Our Stance on Elephant Tourism – Sustainability Story of the Week
The animal lover in me tells me that using elephants for tourism is wrong. The realities on the ground however, show that it is not as simple as that. Here’s where Eco Companion stands on this somewhat thorny issue.
A cruel start in life
Thanks to numerous awareness raising campaigns, the cruel truth behind elephant tourism in Asia is not so hidden anymore. The story of every elephant in captivity has the same beginning: the Phajaan, a horribly violent process used to crush an elephant’s spirit. In other words, elephants destined to work in the tourism industry are tortured into submission. They are starved, beaten and shackled until they lose the will to live.
Elephants are wild animals, not entertainers
Once elephants have submitted to the will of their captors, they will entertain tourists day after day in elephant camps around Asia. Don’t gawp in awe at the sight of an elephant kicking a football around or painting a pretty flower. Those behaviours are as unnatural as they come. To learn them, elephants suffer intense physical and mental abuse. Their mahouts, traditional elephant trainers, will always be there to keep them in line if their wild instincts resurface. Using bull hooks, nails and sticks, mahouts use pain and the fear of pain to control the elephants.
Elephant rides bring additional pain to captive elephants. Despite their imposing size, elephants are not built to carry people on their backs. The weight of the saddle and people on their back causes permanent spinal injuries and skin wounds.
We can all agree that using elephants in tourism is wrong on many levels. However, as is often the case when it comes to human-wildlife interactions, there isn’t a straightforward answer to the problem. The ever-shrinking natural habitat and the very real threat of poaching render the release of captive elephants into the wild virtually impossible. Therefore, until we find a solution to safely release captive elephants into the wild, elephant tourism will remain a reality.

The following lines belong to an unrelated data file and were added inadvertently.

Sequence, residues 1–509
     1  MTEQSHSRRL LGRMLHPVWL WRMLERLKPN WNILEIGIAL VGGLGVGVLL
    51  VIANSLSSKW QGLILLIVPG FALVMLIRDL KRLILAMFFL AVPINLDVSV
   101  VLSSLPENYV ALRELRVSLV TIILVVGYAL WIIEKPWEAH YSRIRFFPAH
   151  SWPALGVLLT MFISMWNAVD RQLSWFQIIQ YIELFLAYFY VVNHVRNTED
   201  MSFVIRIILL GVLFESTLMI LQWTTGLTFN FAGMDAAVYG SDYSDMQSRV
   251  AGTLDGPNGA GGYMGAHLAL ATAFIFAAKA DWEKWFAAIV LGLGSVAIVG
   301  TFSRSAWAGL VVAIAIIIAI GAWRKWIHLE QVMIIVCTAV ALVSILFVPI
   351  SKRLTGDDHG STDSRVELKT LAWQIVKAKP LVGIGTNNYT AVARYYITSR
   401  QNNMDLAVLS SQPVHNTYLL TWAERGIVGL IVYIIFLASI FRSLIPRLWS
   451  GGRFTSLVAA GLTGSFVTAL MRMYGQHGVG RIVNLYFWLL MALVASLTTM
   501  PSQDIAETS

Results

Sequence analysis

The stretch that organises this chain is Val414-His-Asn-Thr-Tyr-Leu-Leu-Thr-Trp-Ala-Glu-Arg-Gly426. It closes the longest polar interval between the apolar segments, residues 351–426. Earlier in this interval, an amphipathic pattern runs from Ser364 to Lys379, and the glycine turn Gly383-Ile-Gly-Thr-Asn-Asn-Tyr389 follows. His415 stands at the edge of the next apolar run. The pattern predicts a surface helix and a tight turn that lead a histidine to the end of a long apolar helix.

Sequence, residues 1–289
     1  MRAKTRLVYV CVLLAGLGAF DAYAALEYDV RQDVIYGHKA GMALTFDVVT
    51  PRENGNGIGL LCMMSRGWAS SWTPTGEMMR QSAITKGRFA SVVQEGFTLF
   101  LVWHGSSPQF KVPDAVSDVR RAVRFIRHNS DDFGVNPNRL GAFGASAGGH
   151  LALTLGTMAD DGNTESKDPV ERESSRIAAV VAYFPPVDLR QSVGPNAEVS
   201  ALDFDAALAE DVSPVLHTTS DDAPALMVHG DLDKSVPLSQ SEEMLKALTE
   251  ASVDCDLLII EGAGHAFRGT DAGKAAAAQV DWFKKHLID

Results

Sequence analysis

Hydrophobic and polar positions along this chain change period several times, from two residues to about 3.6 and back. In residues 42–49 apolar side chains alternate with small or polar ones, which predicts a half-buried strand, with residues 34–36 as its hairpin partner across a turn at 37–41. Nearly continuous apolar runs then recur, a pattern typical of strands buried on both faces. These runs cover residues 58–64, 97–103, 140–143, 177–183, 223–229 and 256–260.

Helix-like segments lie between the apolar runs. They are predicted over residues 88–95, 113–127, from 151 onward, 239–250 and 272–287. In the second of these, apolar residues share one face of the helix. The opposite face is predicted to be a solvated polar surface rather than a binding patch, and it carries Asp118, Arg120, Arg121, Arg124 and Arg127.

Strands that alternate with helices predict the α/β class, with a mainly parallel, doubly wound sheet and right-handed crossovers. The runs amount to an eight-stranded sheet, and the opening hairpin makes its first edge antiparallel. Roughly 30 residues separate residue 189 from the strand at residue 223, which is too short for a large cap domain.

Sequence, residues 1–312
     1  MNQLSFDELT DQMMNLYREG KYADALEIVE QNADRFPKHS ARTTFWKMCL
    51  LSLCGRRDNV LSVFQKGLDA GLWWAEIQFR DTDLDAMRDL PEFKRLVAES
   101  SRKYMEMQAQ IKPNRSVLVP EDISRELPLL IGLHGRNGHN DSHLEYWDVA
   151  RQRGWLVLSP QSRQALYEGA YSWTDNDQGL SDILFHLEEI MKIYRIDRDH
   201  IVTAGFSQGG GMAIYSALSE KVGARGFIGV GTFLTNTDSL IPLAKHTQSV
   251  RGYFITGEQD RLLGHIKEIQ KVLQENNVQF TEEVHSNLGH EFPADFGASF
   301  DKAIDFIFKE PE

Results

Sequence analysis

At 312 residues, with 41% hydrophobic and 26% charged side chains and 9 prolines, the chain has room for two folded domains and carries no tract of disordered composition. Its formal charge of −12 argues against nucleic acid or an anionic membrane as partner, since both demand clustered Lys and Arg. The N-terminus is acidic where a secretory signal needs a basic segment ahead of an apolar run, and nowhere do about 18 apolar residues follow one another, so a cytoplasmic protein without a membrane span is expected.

However, it doesn’t have to be just any type of tourism. We believe that ecotourism can offer solutions to put an end to the cruel treatment of elephants. One of the cornerstones of ecotourism is the respectful treatment and protection of animals. It therefore strictly condemns the cruel practices in the elephant camps offering rides and elephant performances.
In recent years, a different type of elephant tourism has emerged that abides by ecotourism principles. Organisations are rescuing elephants and providing them with a safe and caring environment.
These sanctuaries do not provide rides or performances but instead offer softer interactions such as elephant viewing, feeding and bathing. This form of elephant tourism provides opportunities to raise money for the upkeep and protection of captive elephants as well as fostering respectful treatment.
Additionally, whilst we strongly stand against any activity that brings harm and suffering to animals, we recognise that sometimes the stakes are simply too high to blindly take the moral high ground without considering local circumstances. With this in mind and somewhat reluctantly, we decided that elephant rides are acceptable when they serve a greater conservation purpose and no alternatives exist. In national parks in India and Nepal for example, elephant rides are the only safe way to observe endangered species such as tigers and rhinoceros whose very existence is threatened by rampant poaching. The money raised from tourism is reinvested into anti-poaching efforts. Elephant rides are therefore a lifeline for these species.
However, we only accept elephant rides when there is tangible proof that they are essential to conservation efforts and that no alternative solution can be implemented. We do not accept elephant rides that are offered as a paid extra to visitors, even if the money is reinvested into conservation. We believe that there is plenty of alternative ways visitors can interact with elephants that also offer the opportunity to raise funds. Moreover, strict guidelines must be followed so as to minimise harm to elephants. They must have access to plenty of food, water and shade, be able to roam freely in an open space environment, and have the opportunity to socialise with other elephants. They must never be submitted to any type of abuse. The use of bullhooks must only be as a last resort when the safety of elephants or tourists is at risk. Rides must be limited to an hour and must only be available in the morning. Elephants should carry no more than two adults on a lightweight saddle and a mahout sitting on the neck. Finally, elephants should have plenty of rest breaks between rides.
In an ideal world, all elephants would be living freely. However, our world is far from ideal. The only way elephants will not have to work in the tourism industry anymore is if we eliminate the barriers to their return to the wild. Ecotourism has therefore a dual role to play: help fight poaching and the destruction of natural habitats and protect captive elephants from cruel practices in the tourism industry, whilst always keeping in mind the factors at play in the wider conservation world.